PMC Weekly Review - May 26, 2017

A Macro View: Housing – Back to the Top but for a Different Reason

Housing prices continue to climb and are less than 5% below peak prices in 2006, according to the S&P/Case-Shiller 20 City Composite Home Price Index. Those who either cannot afford or find a home in the next year or two might be disappointed in the short run, but given the strong price appreciation, they might be grateful in the long run. Remember that those who purchased a home at the peak in 2006 are still under water. In 2006, the reason for the large increase in housing prices was sub-prime lending, where anyone willing to sign a mortgage while providing no documentation to their lender could walk away with a set of keys. The mortgages were packaged by Wall Street and sold to investors around the world. When mortgages couldn’t be generated fast enough, traunches were then re-packaged and credit default swaps were written on re-packaged traunches. Anyone could own a home they couldn’t afford as long as the machine kept churning out re-packaged mortgages. But eventually it all came crashing down. Although the reason for today’s rising home prices is different, potential home buyers in today’s market should remember Mark Twain’s saying that “history does not repeat itself, but it does rhyme.”

On the surface, the good news for today’s buyers is that despite prices reaching near 2006 levels, the ratio of house price to income is still 18% below 2006’s peak. In other words, housing prices might be near the top, but income levels have increased since 2006, so the average buyer has more income to spend on a home. That said, the price-to-income ratio is 8% higher than its average since 1980, according to The Economist. The bad news is the average price-to-income ratio since 1980 is distorted by the 2005-2006 bubble, so if you exclude that bubble, people are paying much more for a house compared to their income level. 

The reason for such a spike in housing prices has less to do with cheap and widely available credit, as was the case in 2005-2006, and more to do with low supply and an influx of central bank liquidity. Over the past several years, mortgage rates have dipped to historic lows, so home buyers who qualify for a mortgage pay less in monthly payments for the dollars borrowed than in the 2000s, 1990s, and 1980s. Given such cheap rates, future home buyers can purchase a more expensive home per dollar in mortgage payment, compared to the last 30 years. According to the St. Louis Federal Reserve Bank, the average mortgage rate on a 30-year conforming loan in 2005 was 5.87%, compared to 2016’s average rate of 3.65%. This amounts to a monthly savings of $134 per $100,000 in mortgage loan. In other words, buyers can get a much more expensive house for their average monthly payment, which drives up housing prices.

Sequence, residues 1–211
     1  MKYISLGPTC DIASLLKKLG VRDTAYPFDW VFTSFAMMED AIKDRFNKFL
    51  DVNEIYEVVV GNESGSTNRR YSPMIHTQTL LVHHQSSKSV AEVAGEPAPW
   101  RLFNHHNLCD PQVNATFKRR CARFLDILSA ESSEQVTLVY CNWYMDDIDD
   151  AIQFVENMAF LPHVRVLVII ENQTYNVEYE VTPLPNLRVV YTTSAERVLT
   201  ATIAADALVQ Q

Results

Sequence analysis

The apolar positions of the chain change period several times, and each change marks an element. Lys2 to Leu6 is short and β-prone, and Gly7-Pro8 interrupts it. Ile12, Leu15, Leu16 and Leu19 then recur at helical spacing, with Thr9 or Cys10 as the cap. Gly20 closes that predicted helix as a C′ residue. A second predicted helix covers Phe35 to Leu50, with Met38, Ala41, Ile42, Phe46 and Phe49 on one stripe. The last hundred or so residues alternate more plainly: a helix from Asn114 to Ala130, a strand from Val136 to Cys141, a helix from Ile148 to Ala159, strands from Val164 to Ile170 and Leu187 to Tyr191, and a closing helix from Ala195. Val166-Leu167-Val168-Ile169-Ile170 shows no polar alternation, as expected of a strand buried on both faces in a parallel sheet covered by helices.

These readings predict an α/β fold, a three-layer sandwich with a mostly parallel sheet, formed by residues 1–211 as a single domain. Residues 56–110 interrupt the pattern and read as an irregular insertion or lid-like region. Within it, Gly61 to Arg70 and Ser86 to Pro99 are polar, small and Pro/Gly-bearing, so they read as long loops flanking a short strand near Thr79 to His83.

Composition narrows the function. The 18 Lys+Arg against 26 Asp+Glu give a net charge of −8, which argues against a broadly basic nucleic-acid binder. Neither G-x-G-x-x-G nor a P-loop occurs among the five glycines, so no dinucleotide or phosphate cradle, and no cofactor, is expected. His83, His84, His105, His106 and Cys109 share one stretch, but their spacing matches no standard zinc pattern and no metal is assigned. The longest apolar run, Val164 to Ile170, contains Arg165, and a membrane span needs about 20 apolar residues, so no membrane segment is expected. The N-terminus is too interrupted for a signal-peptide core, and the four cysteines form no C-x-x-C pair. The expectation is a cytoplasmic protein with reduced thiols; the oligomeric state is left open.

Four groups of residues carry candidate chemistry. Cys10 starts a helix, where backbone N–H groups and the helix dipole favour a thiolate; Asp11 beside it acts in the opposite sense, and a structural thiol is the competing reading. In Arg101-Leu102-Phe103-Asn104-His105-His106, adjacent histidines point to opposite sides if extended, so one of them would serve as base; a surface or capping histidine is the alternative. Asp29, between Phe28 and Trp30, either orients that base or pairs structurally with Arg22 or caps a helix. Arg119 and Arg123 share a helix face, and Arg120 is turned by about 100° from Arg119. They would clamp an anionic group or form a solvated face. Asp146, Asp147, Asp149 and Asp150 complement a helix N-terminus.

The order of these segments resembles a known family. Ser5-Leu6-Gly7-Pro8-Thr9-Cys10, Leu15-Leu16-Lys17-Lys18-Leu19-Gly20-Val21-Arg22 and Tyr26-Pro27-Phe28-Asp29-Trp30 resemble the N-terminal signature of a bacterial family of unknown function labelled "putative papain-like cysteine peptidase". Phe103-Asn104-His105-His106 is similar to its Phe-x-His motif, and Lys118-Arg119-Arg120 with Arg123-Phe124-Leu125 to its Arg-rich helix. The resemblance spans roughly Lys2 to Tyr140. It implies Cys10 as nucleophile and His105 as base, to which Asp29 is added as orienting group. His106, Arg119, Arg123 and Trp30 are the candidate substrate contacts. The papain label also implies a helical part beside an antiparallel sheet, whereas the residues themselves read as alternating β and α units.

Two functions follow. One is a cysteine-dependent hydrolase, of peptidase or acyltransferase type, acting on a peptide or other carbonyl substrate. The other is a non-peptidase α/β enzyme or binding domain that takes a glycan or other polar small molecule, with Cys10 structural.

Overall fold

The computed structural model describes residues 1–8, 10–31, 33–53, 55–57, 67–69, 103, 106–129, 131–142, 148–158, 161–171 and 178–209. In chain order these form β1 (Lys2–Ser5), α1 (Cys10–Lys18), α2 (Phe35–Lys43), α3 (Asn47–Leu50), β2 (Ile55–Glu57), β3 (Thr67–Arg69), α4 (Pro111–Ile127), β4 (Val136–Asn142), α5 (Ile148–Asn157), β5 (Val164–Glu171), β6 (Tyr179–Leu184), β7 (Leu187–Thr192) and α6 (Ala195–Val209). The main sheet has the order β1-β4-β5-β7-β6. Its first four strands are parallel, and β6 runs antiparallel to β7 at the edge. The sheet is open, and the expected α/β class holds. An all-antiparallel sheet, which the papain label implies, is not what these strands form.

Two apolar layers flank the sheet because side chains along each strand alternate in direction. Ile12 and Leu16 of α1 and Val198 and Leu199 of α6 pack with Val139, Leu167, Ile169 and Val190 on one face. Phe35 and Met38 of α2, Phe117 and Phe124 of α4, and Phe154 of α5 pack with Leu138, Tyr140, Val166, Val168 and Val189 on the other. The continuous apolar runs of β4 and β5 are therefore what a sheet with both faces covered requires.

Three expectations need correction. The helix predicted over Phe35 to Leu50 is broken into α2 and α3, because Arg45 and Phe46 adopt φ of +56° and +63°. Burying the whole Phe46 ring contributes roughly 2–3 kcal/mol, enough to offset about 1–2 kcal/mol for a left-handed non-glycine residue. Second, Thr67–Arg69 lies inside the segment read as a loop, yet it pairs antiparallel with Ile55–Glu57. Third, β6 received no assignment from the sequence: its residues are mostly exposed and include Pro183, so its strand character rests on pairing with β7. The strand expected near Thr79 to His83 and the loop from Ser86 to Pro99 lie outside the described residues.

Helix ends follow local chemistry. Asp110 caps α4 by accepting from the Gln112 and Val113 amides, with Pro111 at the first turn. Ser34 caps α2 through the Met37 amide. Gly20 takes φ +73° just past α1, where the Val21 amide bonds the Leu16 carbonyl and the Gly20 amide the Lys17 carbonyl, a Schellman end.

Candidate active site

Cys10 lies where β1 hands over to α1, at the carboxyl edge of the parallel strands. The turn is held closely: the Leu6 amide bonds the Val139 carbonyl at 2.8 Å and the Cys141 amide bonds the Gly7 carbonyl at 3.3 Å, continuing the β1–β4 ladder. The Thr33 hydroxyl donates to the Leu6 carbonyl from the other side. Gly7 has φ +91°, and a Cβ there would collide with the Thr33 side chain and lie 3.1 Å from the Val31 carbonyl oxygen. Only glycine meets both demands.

The second reason for rising home prices is the lack of supply. Since 1980, average housing starts as a percentage of the US population have been 0.51%, according to the Federal Reserve. But since the housing bubble burst in 2006, average housing starts are 0.29%—almost half. So America is building fewer homes per person, depressing the supply of new homes added to the market. According to The Wall Street Journal, home inventory is at a 20-year low and keeps decreasing. For the past 23 consecutive months, supply has decreased each month, so now there are fewer homes for sale, resulting in an increase in prices.

What does all this mean for the housing market? For one thing, it appears we may be approaching stretched valuation territory, although it might not be similar to 2006 levels. In 2006, anyone could buy a home as long as they were willing to sign on the dotted line and lie about their income, resulting in a rapid increase of defaults once the actual mortgage payment came due. In today’s market, a combination of lack of supply and low rates is fueling the increase in housing prices. The question is, what would cause today’s housing market to burst? An increase in rates could reduce the amount people can spend on a house, which should cause prices to cool, or builders could add to the supply. Either one of these events could happen quickly, as rate increases are already priced into the market, and the turnaround time to build a new house is less than a year. Also, last year home builders built 30% more homes than they have averaged since the housing crisis, so the trend for an increase in supply is rising. Future home buyers need to be aware of this issue, as things could change rapidly in less than a year’s time, just like they did in 2006. In other words, future home buyers should brush up on their Latin: caveat emptor.

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